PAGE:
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Marketplace Morning Report

A year-and-a-half late and $1 million short

Aug 23, 2019

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Marketplace Morning Report
Campaign finance

The campaign finance of women's suffrage

by Kimberly Adams Jun 4, 2019
Behind the political struggle was a well-financed lobbying operation.
3rd May 1913:  Grand Marshal Inez Milholland Boissevain (1886 - 1916) leads a parade of 30,000 representives of the various Women's Suffrage associations through New York City.
Paul Thompson/Topical Press Agency/Getty Images
Marketplace Tech Blogs

A major trade sticking point between the U.S. and China has deep roots

by Tracey Samuelson Feb 14, 2019
The history of intellectual property theft goes back centuries.
"Theft [of technology] was the norm throughout history, all the way since the Industrial Revolution," says Greg Clark, a professor of economics at the University of California, Davis.
Nicolas Asfouri/AFP/Getty Images

A history of U.S. recessions

by Janet Nguyen Dec 18, 2018
Dozens have happened since the country’s founding.
A trader working on the floor of the New York Stock Exchange on Sept. 15, 2008 in New York City.
Spencer Platt/Getty Images

How woven cloth changed the course of history

by David Brancaccio Dec 11, 2018
From Viking sails to international trade, author Kassia St Clair explains how fabric influenced civilization.
Was woolen sailcloth the secret weapon of the Vikings? Above, the Draken Harald Harfagre, a reconstruction of a Viking longship.
Photo by Thos Robinson/Getty Images for Draken Harald Harfagre

Author Caitlin Rosenthal on the role of slavery in the history of business

by Kimberly Adams Aug 14, 2018
Caitlin Rosenthal, author of "Accounting for Slavery," discusses the role slavery plays in the history of business.
Stereograph Cards Collection, Library of Congress Prints and Photographs Division, Washington, D.C.

The disturbing parallels between modern accounting and the business of slavery

by Kimberly Adams Aug 14, 2018
How slaveholders used modern management techniques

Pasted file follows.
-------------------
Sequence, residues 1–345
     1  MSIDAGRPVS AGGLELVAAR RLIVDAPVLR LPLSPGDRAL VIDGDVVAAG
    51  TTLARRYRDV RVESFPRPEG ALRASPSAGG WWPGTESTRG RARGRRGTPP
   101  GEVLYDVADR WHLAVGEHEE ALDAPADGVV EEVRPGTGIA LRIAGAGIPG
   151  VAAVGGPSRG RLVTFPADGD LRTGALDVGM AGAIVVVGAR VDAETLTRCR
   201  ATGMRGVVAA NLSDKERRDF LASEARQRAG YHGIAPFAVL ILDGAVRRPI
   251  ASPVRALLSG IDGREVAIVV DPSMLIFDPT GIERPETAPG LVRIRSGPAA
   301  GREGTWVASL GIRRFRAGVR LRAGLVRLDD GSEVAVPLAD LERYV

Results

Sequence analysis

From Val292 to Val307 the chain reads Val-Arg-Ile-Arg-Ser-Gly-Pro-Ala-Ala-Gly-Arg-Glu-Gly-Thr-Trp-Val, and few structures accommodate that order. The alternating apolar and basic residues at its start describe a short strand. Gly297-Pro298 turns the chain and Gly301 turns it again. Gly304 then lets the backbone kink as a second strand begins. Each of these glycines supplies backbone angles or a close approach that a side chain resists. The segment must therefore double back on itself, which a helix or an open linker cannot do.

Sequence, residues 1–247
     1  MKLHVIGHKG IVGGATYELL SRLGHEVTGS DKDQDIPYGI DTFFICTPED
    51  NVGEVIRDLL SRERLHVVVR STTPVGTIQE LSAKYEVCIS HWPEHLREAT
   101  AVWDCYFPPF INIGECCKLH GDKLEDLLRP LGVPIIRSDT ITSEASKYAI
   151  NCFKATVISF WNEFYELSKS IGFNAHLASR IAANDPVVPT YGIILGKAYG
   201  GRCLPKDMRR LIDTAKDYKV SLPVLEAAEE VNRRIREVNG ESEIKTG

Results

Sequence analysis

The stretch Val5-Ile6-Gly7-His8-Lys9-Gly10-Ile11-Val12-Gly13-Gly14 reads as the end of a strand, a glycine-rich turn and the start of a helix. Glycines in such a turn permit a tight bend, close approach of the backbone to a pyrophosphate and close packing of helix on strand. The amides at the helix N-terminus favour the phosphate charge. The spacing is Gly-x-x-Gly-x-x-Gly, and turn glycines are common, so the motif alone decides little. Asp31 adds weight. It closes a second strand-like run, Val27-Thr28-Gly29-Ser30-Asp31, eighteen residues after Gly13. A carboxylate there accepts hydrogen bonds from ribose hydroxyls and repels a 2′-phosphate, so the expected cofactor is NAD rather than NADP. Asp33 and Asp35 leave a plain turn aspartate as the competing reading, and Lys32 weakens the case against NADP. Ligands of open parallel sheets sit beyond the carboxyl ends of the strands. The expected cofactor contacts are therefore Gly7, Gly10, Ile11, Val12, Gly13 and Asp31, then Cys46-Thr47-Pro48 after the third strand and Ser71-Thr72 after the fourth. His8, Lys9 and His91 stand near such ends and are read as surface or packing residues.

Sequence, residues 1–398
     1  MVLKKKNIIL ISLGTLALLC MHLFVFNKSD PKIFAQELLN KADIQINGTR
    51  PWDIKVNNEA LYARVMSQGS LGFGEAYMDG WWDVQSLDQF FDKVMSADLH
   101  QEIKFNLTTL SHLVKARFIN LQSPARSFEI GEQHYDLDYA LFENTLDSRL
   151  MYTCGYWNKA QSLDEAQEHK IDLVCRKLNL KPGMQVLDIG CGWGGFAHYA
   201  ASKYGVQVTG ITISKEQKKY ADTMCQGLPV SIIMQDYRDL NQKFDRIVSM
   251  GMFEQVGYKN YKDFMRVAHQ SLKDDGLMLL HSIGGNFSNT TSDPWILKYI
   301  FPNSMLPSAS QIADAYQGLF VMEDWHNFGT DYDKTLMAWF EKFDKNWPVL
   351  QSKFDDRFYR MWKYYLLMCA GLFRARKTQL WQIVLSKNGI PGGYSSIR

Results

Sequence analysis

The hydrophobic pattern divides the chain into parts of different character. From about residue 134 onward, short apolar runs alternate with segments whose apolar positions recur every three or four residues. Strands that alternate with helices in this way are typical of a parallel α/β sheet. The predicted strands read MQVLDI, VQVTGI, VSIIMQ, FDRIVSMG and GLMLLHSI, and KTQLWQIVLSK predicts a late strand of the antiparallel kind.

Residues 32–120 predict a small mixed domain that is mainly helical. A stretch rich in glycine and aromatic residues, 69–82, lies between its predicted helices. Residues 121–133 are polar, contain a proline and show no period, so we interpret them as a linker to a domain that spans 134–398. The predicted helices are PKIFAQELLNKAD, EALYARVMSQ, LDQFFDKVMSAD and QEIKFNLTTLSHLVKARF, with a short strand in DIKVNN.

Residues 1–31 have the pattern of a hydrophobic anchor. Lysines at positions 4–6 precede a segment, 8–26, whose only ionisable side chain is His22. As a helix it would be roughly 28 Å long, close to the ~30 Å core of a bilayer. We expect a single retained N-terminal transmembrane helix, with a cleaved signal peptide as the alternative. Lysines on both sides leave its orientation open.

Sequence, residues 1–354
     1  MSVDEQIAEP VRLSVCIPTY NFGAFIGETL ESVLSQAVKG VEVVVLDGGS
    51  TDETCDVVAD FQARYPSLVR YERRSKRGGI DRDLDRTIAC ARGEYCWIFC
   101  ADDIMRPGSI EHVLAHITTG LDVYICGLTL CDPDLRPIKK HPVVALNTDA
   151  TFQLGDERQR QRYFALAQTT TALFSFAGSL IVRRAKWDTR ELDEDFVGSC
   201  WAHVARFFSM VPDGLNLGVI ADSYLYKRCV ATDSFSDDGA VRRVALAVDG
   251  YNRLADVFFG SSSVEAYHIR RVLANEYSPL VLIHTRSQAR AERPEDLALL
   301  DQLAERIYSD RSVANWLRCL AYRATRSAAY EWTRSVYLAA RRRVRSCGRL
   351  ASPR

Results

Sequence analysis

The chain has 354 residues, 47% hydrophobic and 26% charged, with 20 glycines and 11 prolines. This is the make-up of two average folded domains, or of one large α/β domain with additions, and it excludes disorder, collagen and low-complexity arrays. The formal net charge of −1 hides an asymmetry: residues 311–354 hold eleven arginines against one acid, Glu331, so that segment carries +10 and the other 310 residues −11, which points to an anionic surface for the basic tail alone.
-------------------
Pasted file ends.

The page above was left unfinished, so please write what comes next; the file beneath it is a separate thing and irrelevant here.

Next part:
A group of women and children, presumably slaves, sit and stand around the doorway of a rough wooden cabin, Southern United States, mid 19th Century. One girl reads a book to the group of sitting children.
Hulton Archive/Getty Images

Without the first joint stock company, the U.S. wouldn't exist

by Marketplace Staff May 7, 2018
Someone had to pay for American colonies. Enter the British merchants adventurers.
A fireboat welcomes the Godspeed, a 17th-century replica ship, as it sails past the Statue of Liberty in New York Harbor in 2006.
Photo by Mario Tama/Getty Images

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The history of the song "Louie Louie"

by David Brancaccio and Janet Nguyen Apr 23, 2018
A look at the origins of the song that the FBI investigated for 18 months.
Matt Cardy/Getty Images

France debates how to pay for saving crumbling cathedrals

by John Laurenson Feb 22, 2018
A proposal to charge tourists for entrance to historic churches has been met with resistance from the Conference of French Bishops.
Stonework that has fallen off Notre Dame de Paris Cathedral.
John Laurenson /for Marketplace
The Big Book

Pittsburgh's influential but brief role in the Black Renaissance

by Kai Ryssdal and Bridget Bodnar Jan 30, 2018
Mark Whitaker's new book, "Smoketown," examines the sometimes overlooked role that the city played.
In the Hill District of the 1940s, Herron Avenue marked the boundary between the upper-class "Sugartop" neighborhood and the working-class "Middle Hill."
Getty Images/Teenie Harris Archive/Carnegie Museum of Art